DEBAGREEMENT provides novel opportunities for combining graph-based and text-based machine learning techniques to detect agreements as well as disagreements online, in light of recent research showing that context, such as social context or knowledge graph information, enables language models to perform better on downstream NLP tasks.

Key Takeaways:

  1. Language models trained on existing datasets underperform when run on real world data. This discrepancy is exposed when evaluating the models using the new DEBAGREEMENT dataset.
  2. DEBAGREEMENT presents new opportunities for modeling diverse online interactions with text and context (authorship, graph, temporal information). Its graph structure allows for the combination of text-based machine learning (ML) with graph representation learning (GRL) approaches.
  3. By modeling online discussion forums as graphs of user interactions, researchers can: 1) transform the agreement/disagreement detection problem into a sign link prediction task, and 2) use existing signed graph embedding techniques evaluated on publicly accessible signed graphs such as Epinions and Slashdot. The sentiment and polarization of topics is not static in time and for the first time, this dataset exposes that and shows how realistic topic sentiment evolves over time.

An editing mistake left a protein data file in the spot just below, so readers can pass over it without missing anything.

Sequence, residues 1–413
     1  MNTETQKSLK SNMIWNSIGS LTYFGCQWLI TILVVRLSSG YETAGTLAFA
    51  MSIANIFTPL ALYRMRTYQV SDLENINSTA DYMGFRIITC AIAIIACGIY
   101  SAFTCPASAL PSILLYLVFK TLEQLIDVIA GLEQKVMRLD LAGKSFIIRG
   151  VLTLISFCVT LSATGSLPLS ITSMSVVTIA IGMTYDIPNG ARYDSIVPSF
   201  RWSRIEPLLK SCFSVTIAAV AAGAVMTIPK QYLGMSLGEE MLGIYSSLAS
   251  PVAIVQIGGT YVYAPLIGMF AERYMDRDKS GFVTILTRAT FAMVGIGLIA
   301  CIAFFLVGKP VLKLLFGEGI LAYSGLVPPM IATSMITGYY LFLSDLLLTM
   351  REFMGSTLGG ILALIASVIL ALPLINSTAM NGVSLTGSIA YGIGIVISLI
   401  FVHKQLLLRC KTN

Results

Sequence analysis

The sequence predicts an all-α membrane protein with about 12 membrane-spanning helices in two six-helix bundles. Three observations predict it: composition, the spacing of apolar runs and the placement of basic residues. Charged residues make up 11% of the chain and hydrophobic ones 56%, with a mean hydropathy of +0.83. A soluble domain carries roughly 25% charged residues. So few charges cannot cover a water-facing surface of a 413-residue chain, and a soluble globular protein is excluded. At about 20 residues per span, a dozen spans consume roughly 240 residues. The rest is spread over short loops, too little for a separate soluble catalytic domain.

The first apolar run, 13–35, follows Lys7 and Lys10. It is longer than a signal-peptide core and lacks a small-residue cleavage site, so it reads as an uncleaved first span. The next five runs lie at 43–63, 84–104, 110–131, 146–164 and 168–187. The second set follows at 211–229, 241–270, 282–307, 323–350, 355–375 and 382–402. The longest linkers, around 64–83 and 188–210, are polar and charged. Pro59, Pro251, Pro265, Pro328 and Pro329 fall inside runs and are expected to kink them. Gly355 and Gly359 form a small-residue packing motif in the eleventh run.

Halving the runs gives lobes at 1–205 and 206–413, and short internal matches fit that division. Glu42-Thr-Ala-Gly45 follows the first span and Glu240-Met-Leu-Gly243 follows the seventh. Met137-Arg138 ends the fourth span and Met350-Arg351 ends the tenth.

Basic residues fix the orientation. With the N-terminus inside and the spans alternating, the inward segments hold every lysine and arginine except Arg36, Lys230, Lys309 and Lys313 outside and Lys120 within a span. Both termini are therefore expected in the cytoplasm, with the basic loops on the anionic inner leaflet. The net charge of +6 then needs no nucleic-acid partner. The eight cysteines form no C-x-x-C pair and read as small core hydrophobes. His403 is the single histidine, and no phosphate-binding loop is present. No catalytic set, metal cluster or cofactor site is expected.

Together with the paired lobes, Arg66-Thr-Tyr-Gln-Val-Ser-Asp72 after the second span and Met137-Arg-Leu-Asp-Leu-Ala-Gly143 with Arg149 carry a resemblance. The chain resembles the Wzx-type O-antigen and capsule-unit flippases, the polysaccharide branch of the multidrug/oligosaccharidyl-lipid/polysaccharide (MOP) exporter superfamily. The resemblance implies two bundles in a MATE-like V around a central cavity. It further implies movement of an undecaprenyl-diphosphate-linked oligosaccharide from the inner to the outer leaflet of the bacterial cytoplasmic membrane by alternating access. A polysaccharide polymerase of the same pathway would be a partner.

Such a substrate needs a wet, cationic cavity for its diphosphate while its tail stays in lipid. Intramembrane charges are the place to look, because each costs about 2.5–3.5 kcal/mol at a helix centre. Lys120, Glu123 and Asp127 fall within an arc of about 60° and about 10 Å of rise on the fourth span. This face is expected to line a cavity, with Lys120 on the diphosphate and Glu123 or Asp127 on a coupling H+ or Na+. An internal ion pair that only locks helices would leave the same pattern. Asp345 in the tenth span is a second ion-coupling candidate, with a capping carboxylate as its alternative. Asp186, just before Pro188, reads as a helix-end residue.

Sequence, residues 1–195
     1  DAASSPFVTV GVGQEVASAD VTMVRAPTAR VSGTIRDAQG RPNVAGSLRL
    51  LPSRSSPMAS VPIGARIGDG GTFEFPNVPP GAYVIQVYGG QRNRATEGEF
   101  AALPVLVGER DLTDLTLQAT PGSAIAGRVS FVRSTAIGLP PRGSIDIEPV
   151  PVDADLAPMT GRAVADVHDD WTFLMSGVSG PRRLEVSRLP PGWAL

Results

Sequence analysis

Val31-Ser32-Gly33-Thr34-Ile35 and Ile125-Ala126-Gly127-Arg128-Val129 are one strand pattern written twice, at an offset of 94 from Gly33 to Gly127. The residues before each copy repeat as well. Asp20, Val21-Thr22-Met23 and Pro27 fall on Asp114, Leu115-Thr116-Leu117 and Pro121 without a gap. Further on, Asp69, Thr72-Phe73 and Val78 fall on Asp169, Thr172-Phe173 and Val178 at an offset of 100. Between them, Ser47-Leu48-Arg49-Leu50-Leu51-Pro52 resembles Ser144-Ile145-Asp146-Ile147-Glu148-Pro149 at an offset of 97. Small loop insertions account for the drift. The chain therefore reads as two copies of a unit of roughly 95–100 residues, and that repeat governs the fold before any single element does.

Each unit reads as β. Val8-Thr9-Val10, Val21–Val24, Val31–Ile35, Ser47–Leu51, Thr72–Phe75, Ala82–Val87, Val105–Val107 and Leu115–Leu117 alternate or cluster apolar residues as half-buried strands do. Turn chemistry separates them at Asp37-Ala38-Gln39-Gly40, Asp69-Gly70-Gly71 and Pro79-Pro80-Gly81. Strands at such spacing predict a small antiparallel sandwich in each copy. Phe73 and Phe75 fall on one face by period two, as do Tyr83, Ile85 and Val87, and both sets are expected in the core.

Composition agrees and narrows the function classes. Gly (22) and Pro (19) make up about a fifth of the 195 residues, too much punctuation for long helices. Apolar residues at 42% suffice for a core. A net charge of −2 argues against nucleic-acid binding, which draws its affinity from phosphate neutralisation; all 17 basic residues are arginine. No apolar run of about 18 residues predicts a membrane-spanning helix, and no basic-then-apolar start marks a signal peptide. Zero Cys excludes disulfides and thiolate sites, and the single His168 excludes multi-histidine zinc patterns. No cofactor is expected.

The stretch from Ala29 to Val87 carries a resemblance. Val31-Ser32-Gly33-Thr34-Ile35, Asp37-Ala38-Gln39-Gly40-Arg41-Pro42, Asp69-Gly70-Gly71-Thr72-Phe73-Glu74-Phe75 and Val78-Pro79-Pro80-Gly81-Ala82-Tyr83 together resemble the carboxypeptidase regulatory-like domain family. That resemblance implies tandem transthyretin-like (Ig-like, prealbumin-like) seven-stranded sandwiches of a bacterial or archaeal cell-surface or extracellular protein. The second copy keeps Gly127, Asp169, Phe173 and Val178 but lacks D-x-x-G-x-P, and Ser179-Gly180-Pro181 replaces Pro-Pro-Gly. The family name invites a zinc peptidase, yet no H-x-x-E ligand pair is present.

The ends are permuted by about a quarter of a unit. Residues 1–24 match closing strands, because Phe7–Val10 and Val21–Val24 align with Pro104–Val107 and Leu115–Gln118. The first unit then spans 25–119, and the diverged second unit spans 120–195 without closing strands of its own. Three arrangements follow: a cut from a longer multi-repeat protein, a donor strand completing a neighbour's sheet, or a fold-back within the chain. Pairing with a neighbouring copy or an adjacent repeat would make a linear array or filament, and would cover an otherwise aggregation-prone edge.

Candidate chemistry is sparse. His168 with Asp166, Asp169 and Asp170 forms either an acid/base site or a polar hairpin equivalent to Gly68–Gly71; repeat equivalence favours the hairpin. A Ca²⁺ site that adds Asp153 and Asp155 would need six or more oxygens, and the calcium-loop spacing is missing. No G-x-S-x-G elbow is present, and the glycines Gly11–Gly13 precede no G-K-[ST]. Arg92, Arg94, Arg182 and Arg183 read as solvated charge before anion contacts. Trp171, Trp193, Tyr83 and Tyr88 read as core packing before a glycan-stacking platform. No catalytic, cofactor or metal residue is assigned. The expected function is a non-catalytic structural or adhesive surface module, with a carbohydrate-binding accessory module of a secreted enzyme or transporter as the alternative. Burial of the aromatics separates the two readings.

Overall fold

Natural Adversarial Objects

Paper Summary:

Although cutting-edge object identification approaches have shown impressive performance, models are often vulnerable to adversarial assaults and out-of-distribution data.

Natural Adversarial Objects (NAO) is a novel dataset for assessing the robustness of object identification techniques. NAO comprises 7,934 images and 9,943 objects that are unaltered and depict real-world circumstances, yet cause cutting-edge detection methods to misclassify with high confidence. When compared to the conventional MS-COCO validation set, the mean average precision (mAP) of EfficientDet-D7 lowers by 74.5 percent when tested on NAO.

Furthermore, when evaluating a range of object detection architectures, we discovered that improved performance on the MS-COCO validation set does not always transfer to better performance on the NAO, implying that robustness cannot be gained merely by training a more accurate model.